General Motors (GM) chief executive Mary Barra took responsibility for an overhaul of the automaker’s recall process going forward, saying the review of an ignition-switch defect took too much time.

During a meeting with print journalists on Tuesday, Barra and other GM executives expressed regret over how the company handled the problem affecting 1.6 million vehicles globally.

Barra said she wasn’t aware of the recall until Jan. 31, about two weeks after taking over the nation’s top automaker as CEO. Her objective is to “repair every single one of these vehicles” and “make sure this problem never happens again,” according to a Reuters report on the meeting.

GM has said the issue was discovered as early as 2001, and in 2004, a company engineer ran into the problem during the testing phase of the soon-to-be-released Chevrolet Cobalt.

The Detroit-based company announced a recall last month that includes 1.37 million cars in the U.S. from model-years 2003 to 2007. The defective ignition switches can cause vehicles to stall and cut off power to airbags.

The problem has been linked to 12 deaths and 31 accidents. Barra offered her condolences to the victims’ families and apologized for the delay in recalling the vehicles.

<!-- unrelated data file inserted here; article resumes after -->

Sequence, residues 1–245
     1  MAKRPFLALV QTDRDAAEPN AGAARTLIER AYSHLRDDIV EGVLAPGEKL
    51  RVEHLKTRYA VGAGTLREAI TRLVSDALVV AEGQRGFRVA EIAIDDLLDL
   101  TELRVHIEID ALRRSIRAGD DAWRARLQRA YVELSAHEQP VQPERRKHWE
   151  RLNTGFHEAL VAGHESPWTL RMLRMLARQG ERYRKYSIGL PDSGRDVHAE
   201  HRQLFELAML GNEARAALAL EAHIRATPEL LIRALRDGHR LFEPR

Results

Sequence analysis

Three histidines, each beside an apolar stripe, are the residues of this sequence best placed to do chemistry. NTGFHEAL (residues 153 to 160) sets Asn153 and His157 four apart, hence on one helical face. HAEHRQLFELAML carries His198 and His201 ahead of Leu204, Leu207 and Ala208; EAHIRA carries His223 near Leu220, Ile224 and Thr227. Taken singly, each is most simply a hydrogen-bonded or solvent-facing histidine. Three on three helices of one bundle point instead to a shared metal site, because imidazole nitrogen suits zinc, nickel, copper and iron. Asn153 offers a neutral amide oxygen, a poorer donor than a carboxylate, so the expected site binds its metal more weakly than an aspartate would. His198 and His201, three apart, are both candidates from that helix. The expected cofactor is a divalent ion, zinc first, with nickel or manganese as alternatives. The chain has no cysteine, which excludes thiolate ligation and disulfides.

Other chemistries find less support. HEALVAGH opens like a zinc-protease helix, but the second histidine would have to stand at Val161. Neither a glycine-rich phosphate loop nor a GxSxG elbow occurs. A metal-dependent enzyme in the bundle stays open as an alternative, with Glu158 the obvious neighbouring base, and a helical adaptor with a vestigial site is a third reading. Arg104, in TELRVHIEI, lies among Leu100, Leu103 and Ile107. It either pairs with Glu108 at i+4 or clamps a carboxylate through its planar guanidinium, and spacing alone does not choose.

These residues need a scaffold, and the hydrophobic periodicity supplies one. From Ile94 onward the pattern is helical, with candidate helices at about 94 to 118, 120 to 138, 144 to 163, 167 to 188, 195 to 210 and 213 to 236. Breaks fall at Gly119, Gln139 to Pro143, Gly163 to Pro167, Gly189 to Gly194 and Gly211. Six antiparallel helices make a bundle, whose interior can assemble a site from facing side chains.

Barra found out about a review of the Cobalt in December, when she was still head of GM’s global product development.

“Clearly, this took too long,” Barra said, adding that she will testify at congressional hearings if asked to do so.

Mark Reuss, who took over for Barra as head of product development,  said he called Barra in late January after he and other executives decided to recall the Cobalt and other models. Reuss was previously the president of GM North America.

An internal investigation should be completed within the next few months, according to Barra. Investigators have been told there are “no sacred cows” while determining how GM failed to address the problem, she said.

Earlier on Tuesday, the company appointed Jeff Boyer to the new position of vice president of global vehicle safety.

Barra said naming a safety chief is the first of a number of changes that GM needs to implement. Boyer will meet with the CEO on a monthly basis.

GM plans to take a $300 million charge in the first quarter to cover the cost of the ignition-switch issue and three separate recalls. The latest recalls total about 1.5 million vehicles.

Shares of GM climbed 1.3% higher to $35.09 in recent trading. Through Monday’s close, the stock was down 15.3% on the year.

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